Table 2 Rationale for Introducing HCBRT

Strategic Rationale Description Advantages / Disadvantages
(1) To Build a Mass Transit Corridor and Associated Road Network Structure. A HCBRT corridor can either be newly constructed (so that the new infrastructure does not have a negative impact on the function or traffic of the arterial corridor – such was the case of the Beijing HCBRT and in the Western Corridor of Curitiba), or retrofitted onto the existing road network. The latter case requires that there should be either grade-separation of junctions or a suitable secondary road network that can absorb the displaced traffic – not just in terms of capacity, but also any turning movements affected. If the corridor in question has a population density of less than 25–40 inhabitants per hectare, then it tends to be difficult to consolidate the demand that can justify Mass Transit. The very high average population density of most medium sized Indian cities is considered to be well above this required minimum. Advantages:
  • Rapidly promotes PT on main corridors – although capacity is limited to 15k/h/d
  • Costs vary according to complexity, but grade separation implies higher costs, say, US$6m/km
  • Negative Image if traffic congestion increases/banned turns
  • Lower speed due to traffic signals and junctions
  • Many competing bus routes
(2) To Complement an Extension of the Metro. The Guidelines obtained from the International case-studies reveal that for large Mega Cities, the Mass Transit System tends to make use of both Metro/Rail and HCBRT, often with HCBRT as an extension of the Metro – or pre-Metro. Typical example of this can be seen in the Metro extensions of Mexico City and Sao Paulo (Brazil). Advantages:
  • Quick execution: 1 year to design, build and operate
  • Low cost: about 3–5US$m/km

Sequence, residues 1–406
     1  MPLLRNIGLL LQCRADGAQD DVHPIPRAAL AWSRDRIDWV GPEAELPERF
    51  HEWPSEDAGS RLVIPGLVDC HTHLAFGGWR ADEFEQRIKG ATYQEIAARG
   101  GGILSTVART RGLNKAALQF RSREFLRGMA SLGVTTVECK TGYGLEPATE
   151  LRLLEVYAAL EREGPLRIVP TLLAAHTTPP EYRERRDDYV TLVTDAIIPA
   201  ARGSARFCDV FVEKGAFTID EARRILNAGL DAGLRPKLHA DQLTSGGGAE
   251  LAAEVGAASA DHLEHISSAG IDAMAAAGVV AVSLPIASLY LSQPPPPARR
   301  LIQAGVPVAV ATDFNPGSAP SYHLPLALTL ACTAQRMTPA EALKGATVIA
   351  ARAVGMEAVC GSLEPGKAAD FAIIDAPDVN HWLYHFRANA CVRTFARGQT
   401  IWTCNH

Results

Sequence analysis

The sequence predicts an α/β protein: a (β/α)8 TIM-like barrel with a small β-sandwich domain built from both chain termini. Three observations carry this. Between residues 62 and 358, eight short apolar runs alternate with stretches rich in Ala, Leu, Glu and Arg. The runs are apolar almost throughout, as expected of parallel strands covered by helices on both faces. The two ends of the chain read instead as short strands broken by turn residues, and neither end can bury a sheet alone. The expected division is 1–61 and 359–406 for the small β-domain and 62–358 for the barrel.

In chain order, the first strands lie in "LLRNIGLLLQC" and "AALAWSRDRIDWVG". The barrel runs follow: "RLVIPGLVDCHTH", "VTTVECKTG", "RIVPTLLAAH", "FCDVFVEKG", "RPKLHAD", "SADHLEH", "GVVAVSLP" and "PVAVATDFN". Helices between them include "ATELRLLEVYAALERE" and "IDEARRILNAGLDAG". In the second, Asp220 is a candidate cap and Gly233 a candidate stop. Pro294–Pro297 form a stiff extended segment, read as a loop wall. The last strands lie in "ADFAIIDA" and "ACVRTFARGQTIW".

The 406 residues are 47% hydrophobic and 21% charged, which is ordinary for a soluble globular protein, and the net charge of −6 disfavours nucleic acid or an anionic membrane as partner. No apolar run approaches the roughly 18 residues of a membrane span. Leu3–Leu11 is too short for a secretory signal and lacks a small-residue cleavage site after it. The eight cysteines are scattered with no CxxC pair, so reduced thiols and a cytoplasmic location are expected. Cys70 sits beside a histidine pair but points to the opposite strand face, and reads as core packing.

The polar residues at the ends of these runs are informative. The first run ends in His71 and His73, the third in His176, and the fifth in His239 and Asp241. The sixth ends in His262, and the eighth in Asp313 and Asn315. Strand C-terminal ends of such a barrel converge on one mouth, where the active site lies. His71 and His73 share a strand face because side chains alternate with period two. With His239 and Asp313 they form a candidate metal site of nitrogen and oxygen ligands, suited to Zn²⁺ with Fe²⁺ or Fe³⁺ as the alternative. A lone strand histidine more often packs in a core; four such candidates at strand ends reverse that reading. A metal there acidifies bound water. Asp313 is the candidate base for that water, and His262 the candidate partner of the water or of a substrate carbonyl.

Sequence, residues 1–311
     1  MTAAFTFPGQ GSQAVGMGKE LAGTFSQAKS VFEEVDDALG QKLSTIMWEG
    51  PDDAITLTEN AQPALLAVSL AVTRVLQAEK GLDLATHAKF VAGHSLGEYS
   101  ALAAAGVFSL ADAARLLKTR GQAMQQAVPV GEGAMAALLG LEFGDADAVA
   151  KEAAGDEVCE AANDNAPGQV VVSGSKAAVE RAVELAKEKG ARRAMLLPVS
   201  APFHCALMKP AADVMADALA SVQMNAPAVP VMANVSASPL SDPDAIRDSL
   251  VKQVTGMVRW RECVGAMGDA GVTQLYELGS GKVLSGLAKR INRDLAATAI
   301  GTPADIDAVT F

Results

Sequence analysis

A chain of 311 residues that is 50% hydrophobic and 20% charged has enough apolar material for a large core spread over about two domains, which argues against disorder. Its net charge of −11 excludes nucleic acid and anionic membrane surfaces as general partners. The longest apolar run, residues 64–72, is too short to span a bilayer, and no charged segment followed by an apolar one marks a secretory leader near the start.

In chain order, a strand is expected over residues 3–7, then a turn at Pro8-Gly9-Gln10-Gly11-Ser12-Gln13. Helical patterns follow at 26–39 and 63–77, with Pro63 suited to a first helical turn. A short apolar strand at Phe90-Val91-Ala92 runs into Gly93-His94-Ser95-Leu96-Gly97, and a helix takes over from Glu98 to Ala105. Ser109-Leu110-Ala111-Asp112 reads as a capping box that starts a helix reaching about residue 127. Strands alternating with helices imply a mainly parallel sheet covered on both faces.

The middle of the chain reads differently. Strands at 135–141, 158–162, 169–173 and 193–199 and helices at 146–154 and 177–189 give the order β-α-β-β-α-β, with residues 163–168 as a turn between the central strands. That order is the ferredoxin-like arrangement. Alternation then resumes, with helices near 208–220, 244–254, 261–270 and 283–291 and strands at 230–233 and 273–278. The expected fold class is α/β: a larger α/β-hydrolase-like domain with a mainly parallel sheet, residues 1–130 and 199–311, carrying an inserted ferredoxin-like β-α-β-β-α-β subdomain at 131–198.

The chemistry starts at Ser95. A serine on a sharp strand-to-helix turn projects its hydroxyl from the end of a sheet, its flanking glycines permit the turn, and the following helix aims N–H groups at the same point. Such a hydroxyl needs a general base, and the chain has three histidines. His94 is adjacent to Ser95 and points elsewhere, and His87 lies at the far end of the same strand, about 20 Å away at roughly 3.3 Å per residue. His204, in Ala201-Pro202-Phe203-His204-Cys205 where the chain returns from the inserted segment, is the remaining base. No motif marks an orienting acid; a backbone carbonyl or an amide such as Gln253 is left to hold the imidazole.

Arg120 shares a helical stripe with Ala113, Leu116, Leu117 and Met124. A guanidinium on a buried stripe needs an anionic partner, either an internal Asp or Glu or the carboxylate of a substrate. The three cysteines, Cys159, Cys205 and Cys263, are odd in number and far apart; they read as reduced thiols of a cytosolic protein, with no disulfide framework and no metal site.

• Flexible: headways can be from 1–10min
  • Low Traffic Impact (in new zones or when purpose built)
  • Brings High Quality Mass Transit and adds value to new development
  • Increases Metro Revenue
  • Positive Image
  • New Franchise with little existing competition from existing services
  • Does not cater to immediate short-term corridor demand
(3) For Transit Orientated Development –TOD This is a question that has long been understood in Metro projects and is now being applied to HCBRT. If the city needs to enhance the development of a specific corridor or zone, then the use of HCBRT – rather than just ordinary buses – can provide an essential stimulus. HCBRT is especially suited to this role as costs (capital and operational) are closely linked to demand and the demand handled can vary by a factor of 10 (a twelve meter unit operating at six minute headways or articulated units at one minute headways).
(4) To Promote Regional Integration HCBRT is often used – as are other mass transit modes – as a means to promote regional integration. This does not imply only physical access, but in cities with lower income populations located on their outskirts also includes fare integration between modes, with some cross subsidy between the shorter trips from wealthier zones offsetting the costs of longer trips.
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